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Everyone hoping for the U.S. economy to perform well had to be cheered by this morning’s look at economic growth in the third quarter – the second of three such reports on the time period for the near future. And special bonus: The results significantly strengthen the case that the United States can absorb hits from even a long China trade conflict with room to spare.       

On top of beating expectations on its headline figure (which showed 2.11 percent annualized inflation-adjusted growth for July through September), a key internal indicator showed unexpectedly showed improvement as well – business investment.

What companies spend on plant, equipment, computers, research and development and the like is always closely watched because increases on these scores are (rightly) deemed the healthiest source of growth and better living standards. More recently, it’s been (rightly) seen as a test of the Trump tax cuts (which were mainly aimed encouraging such expenditures) as well as (less clearly) of the Trump trade policies (because of how they’re supposedly paralyzing corporate executives with uncertainty). And the results so far this year on the “capex” (capital – or business – spending) front certainly have been worse than last year’s excellent performance.

According to the new GDP report, real “non-residential fixed investment” still declined sequentially for the second straight quarter. But the decline was less (0.67 percent) than first estimated (0.75 percent). At the same time, pessimists could point out that the second quarter’s dip was considerably smaller (0.26 percent), so it remains far from clear that this valued growth engine is out of the woods.

Superficially, the trade results as such of the new GDP read looked poor as well, as the after-inflation overall deficit hit a new record. At an annualized $988.3 billion, it bested the previous all-time high of 983.0 billion of last year’s fourth quarter, and the $986.4 billion figure from last month’s first estimate of third quarter growth.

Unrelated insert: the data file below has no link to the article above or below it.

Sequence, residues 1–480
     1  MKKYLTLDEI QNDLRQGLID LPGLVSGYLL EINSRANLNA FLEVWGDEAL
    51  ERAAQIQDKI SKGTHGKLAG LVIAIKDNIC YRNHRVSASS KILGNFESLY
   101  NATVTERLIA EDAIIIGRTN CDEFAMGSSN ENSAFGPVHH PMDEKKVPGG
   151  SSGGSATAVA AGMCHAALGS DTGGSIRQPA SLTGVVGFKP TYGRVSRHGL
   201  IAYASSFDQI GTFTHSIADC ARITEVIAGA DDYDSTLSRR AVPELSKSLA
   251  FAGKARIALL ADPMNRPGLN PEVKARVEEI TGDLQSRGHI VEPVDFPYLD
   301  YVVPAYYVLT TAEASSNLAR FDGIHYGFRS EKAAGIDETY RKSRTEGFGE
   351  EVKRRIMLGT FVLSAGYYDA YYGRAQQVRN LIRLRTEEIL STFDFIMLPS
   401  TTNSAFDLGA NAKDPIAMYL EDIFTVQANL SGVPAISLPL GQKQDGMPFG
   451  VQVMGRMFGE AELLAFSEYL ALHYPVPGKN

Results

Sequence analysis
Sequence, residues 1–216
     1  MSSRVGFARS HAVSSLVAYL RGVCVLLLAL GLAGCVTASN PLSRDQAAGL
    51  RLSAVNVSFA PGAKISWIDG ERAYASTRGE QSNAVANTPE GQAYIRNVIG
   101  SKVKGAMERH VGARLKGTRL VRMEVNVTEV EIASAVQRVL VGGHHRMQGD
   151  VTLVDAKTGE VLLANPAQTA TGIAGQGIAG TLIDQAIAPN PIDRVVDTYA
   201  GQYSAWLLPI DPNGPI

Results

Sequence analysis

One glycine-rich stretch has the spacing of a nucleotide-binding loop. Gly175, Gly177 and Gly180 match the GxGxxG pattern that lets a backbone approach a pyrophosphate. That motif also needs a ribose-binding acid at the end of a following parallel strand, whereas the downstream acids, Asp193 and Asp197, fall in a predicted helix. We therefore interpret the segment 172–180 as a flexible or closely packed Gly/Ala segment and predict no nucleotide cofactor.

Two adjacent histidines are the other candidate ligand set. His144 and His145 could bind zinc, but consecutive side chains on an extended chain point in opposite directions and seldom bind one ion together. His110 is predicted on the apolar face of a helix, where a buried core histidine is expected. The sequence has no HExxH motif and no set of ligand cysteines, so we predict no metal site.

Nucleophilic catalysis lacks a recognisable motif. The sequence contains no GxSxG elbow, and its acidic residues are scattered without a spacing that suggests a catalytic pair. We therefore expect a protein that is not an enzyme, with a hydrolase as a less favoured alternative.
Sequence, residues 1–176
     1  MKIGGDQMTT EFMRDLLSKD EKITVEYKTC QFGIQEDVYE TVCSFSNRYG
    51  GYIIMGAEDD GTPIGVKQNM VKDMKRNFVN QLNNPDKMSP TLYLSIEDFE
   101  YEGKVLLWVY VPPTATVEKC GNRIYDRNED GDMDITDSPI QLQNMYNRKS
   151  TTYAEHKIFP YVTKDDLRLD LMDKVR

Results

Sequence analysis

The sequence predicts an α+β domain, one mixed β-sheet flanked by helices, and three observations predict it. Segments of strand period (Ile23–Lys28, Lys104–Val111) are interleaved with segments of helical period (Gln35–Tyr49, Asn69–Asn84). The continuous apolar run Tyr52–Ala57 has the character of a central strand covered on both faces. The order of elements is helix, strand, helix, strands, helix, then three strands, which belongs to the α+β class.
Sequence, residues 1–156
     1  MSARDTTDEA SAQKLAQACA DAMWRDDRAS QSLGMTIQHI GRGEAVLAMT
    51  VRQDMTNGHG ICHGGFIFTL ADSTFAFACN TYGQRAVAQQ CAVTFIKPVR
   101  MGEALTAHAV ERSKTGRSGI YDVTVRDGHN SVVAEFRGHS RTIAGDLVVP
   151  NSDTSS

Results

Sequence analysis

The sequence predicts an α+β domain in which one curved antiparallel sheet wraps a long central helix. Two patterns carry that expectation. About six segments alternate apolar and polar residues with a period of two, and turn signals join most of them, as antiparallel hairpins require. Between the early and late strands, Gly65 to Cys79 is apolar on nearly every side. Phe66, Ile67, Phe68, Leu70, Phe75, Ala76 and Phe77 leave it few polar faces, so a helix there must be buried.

Think a bit, though, and the impact of Boeing’s aircraft safety woes represent a big part of the explanation – and a big part that can’t be blamed on President Trump’s tariffs-heavy trade policies. And even given the near halt in orders of its popular but troubled 737 Max model, the new numbers for total after-inflation total U.S. exports were slightly higher than those of the third quarter’s first read ($2.5231 trillion annualized versus $2.5222 trillion) and those of the second quarter ($2.5175 trillion).

Moreover, the “Boeing effect” apparently will need to be kept in mind a good deal longer, as suggested by this new report of major problems with another popular model.

Nevertheless, even constant-dollar merchandise (goods) exports keep trending up. True, at $1.7842 trillion annualized as of this morning, they remain less than the quarterly record of $1.8141 trillion, set in the second quarter of last year. But the new results exceeded those both for the second quarter ($1.753 trillion) and for the third quarter’s initial estimate ($1.7823 trillion).

Further, some more of the recent weakness in U.S. trade accounts looks attributable to another sector of the economy that has little or nothing to do with the trade wars, either – at least not directly, in the sense of provoking retaliatory tariffs. That’s America’s services trade.

The new GDP report’s statistics on these trade flows were worse than those of the second quarter and of the first third quarter estimates both on the exports side and on the imports side. Indeed, price-adjusted services exports fell deeper into worst-since-the-second-quarter-of-2017 territory (coming in at $745.7 billion annualized versus the earlier number of $740.7 billion. And at $563.5 billion, real services imports rose higher into all-time record territory (with the second worst such total being the $558.1 billion during the first quarter of this year).

Since President Trump has blown so hot and cold on his China tariffs – and shows signs of doing the same on threatened separate automotive tariffs – Washington-related trade developments seem likely to keep distorting the GDP figures (including by inhibiting some business investment) and the trade figures for the foreseeable future no matter what happens with Boeing or U.S. services industries.

At the same time, the new GDP report underscores a point often lost in the understandable and volatile flood of headlines and forecasts: Even though changing the fundamental course of American trade policy is a thoroughly disruptive undertaking, with transition-related efficiency-reducing adjustments inevitable, the U.S. economy looks to be passing this test, including with China, pretty handily.  Better still:  Modest signs of further improvement are visible. In other words, and especially considering the failure of pre-Trump approaches, there’s here’s every reason for the President to stay his new course on trade.

And one more point:  If we don’t communicate before, Happy Thanksgiving to you and yours!